If you are a hacker, you might have enjoyed the NSA’s private zero-day exploits, malware and hacking tools that were leaked last month.
But the question is: How these hacking tools ended up into the hands of hackers?
It has been found that the NSA itself was not directly hacked, but a former NSA employee carelessly left those hacking tools on a remote server three years ago after an
500 million accounts — that’s half a Billion users!
That’s how many Yahoo accounts were compromised in a massive data breach dating back to 2014 by what was believed to be a “state sponsored” hacking group.
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Over a month ago, a hacker was found to be selling login information related to 200 million Yahoo accounts on the Dark Web, although Yahoo acknowledged that the breach was
It has only been a few days since the launch of Apple’s brand new iPhone 7 and iPhone 7 Plus, but it appears that the new iPhone has already been jailbroken.
That didn’t take long. Right?
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Security researcher and well-known hacker Luca Tedesco shared an image of his jailbroken smartphone on his Twitter account to show off the world that the new iPhone 7 has been jailbroken.
Smart TVs . . . Fitness trackers . . . Automated thermostats . . . Self-driving cars . . .
The Internet of Things is the next frontier in digital technology which is why the Global Privacy Enforcement Network focused its 2016 Privacy Sweep on this emerging market. Sweep participants were especially interested in how companies communicate their personal information handling practices.
Given the sensitivity of the information that health and wellness devices, as well as their associated apps and websites, are capable of collecting, the Office of the Privacy Commissioner of Canada (OPC) focused its Sweep on 21 devices ranging from smart scales, blood pressure monitors and fitness trackers, to sleep and heart rate monitors, a smart breathalyzer and a web-connected fitness shirt.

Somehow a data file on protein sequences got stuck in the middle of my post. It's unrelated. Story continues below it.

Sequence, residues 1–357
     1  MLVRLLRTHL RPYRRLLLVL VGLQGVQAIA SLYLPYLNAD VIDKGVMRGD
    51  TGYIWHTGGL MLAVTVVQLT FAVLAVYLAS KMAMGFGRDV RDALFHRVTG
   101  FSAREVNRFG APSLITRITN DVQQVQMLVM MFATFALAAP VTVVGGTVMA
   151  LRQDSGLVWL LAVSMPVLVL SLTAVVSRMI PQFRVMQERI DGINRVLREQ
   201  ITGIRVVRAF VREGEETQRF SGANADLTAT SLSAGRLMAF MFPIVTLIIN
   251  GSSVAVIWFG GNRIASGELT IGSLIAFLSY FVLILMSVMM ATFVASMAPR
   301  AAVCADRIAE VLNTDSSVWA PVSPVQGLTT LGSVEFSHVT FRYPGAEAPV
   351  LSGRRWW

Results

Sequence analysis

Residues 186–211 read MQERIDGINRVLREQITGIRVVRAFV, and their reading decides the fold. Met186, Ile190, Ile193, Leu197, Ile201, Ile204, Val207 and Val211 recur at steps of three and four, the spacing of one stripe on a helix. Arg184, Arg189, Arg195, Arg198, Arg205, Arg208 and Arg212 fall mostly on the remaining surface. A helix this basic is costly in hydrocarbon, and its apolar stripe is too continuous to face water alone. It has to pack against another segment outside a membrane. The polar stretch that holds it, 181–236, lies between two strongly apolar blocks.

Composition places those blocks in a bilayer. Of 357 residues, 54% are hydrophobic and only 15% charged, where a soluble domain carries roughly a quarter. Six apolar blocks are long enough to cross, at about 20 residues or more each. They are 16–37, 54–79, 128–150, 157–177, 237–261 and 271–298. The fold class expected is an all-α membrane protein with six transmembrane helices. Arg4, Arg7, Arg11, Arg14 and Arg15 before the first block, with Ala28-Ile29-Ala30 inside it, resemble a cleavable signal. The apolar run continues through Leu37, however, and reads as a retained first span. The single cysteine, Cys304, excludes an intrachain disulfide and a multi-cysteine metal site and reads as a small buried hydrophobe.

The choice of devices dovetails with one of our four strategic privacy priorities—the body as information. Identified as an important area of focus during a priority-setting exercise that culminated in May 2015, the body as information refers to the mounting privacy concerns related to highly sensitive health, genetic and biometric information that is being used by organizations and governments in all sorts of new ways.
During the Sweep, our Sweepers—aka OPC staff—put the products to use to see first-hand what information the devices requested, compared to what privacy communications said would be collected. In some cases, they followed up with specific privacy questions for the companies.
Below is a brief assessment of how the devices stacked up.
Note: the Global Privacy Sweep is not a formal investigation. We did not seek to conclusively identify compliance issues or possible violations of privacy legislation. This was not an assessment of a device’s overall privacy practices, nor was it an in-depth analysis of device design or functionality.
We sought to recreate the user experience and for the purposes of this blog, we compared and contrasted certain features observed by our Sweepers—namely those they found particularly fit, with those they felt could benefit from some rehab. We learned a lot and hope these concrete examples will help device makers, as well as Canadians, better understand our conclusions.
We’ve also offered some takeaways for companies and consumers. The purpose is to provide some basic tips on how to improve privacy communications from a user’s perspective. These takeaways should not be viewed as legal advice or a substitute for any legal requirements under applicable privacy legislation. Organizations that would like more information on their legal obligations under the Personal Information Protection and Electronic Documents Act (PIPEDA), Canada’s federal private sector privacy law, may wish to have a look at our Privacy Toolkit.
Location, location, location!
Why do so many devices want to know where you are at any given time? Sure, it might make sense for a fitness tracker that needs to follow your route to calculate your distance travelled. But a blood pressure monitor or thermometer?
The QardioArm blood pressure monitor seeks access to location when the user creates an account and provides the following explanation which seemed a bit odd to our Sweeper.